Language Lesson 1976

By Heather McHugh b. 1948 Heather McHugh
When Americans say a man
takes liberties, they mean

he’s gone too far. In Philadelphia today I saw
a kid on a leash look mom-ward

and announce his fondest wish: one
bicentennial burger, hold

the relish. Hold is forget,
in American.

On the courts of Philadelphia
the rich prepare

to serve, to fault. The language is a game as well,
in which love can mean nothing,

doubletalk mean lie. I’m saying
doubletalk with me. I’m saying

go so far the customs are untold.
Make nothing without words,

and let me be
the one you never hold.

Heather McHugh, “Language Lesson 1976” from Hinge & Sign: Poems, 1968-1993. Copyright © 1994 by Heather McHugh.  Reprinted by permission of Wesleyan University Press.

Source: Hinge & Sign: Poems, 1968-1993 (Wesleyan University Press, 1994)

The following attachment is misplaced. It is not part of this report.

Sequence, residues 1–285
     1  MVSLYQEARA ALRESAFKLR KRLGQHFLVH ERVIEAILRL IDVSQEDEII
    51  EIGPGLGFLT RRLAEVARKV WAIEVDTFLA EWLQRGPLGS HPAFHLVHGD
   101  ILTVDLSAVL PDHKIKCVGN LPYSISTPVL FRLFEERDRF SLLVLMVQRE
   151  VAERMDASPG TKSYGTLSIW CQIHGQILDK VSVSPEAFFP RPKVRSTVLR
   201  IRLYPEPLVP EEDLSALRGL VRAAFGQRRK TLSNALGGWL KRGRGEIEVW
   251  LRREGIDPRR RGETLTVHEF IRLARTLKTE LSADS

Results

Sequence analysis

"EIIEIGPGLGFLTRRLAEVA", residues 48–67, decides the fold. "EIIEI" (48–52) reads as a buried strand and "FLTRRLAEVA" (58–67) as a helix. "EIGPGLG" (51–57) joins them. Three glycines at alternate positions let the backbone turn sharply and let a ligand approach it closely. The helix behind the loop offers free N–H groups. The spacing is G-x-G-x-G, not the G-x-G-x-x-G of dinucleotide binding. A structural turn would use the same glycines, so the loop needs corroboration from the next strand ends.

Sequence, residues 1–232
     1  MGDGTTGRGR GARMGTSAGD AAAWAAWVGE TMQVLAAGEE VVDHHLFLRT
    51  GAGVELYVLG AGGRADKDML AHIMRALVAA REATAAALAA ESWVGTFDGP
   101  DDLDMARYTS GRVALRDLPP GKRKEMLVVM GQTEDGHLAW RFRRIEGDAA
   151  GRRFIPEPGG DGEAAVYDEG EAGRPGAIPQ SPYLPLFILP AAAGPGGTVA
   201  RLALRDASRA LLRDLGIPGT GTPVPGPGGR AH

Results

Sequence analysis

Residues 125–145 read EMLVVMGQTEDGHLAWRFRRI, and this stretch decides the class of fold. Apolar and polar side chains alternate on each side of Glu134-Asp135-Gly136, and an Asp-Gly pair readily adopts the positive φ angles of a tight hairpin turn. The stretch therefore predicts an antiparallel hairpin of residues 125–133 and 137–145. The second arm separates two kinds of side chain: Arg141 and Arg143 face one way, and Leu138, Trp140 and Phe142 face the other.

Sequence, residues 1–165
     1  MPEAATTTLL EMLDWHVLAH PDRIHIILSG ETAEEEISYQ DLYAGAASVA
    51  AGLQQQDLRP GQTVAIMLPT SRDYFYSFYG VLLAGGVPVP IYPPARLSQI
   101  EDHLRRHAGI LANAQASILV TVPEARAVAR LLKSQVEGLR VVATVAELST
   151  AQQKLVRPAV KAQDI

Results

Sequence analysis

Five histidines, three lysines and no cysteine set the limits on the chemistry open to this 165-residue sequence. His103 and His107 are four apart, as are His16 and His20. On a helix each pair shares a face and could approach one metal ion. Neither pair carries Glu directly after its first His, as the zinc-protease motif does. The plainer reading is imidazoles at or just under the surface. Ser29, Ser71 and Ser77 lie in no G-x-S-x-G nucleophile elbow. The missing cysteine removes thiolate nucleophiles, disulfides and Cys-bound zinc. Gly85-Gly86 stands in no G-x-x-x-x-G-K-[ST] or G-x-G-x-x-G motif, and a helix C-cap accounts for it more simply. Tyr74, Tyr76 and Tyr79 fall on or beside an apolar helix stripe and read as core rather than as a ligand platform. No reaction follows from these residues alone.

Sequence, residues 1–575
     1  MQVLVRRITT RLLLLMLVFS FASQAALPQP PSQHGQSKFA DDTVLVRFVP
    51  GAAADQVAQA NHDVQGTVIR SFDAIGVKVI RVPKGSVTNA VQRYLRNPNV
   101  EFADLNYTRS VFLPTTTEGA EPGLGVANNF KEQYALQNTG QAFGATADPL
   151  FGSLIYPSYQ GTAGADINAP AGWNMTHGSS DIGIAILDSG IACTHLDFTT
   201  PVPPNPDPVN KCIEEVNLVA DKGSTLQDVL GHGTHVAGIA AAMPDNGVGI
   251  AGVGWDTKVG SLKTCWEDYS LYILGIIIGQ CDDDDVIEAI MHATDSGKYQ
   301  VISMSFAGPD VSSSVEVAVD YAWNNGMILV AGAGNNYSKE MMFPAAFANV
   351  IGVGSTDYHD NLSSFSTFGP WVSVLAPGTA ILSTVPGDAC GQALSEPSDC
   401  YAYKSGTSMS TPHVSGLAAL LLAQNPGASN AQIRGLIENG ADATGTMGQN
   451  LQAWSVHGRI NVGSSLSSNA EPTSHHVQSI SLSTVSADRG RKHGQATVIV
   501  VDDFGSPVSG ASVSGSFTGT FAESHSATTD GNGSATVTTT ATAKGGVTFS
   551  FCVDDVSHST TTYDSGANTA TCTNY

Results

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Poet Heather McHugh b. 1948

POET’S REGION U.S., Northwestern

Subjects Love, Realistic & Complicated, Arts & Sciences, Language & Linguistics

 Heather  McHugh

Biography

Poet Heather McHugh’s work is noted for its rhetorical gestures, sharp puns and interest in the materials of language itself—her self-described determination is “to follow every surge of language, every scrap and flotsam.” Describing her work in the Boston Review, poet and critic Richard Howard alleged that “most of McHugh’s poems end in a spurt, as they proceed in a slather, of just such astonishment as is bestowed—afforded—by . . .

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Poem Categorization

SUBJECT Love, Realistic & Complicated, Arts & Sciences, Language & Linguistics

POET’S REGION U.S., Northwestern

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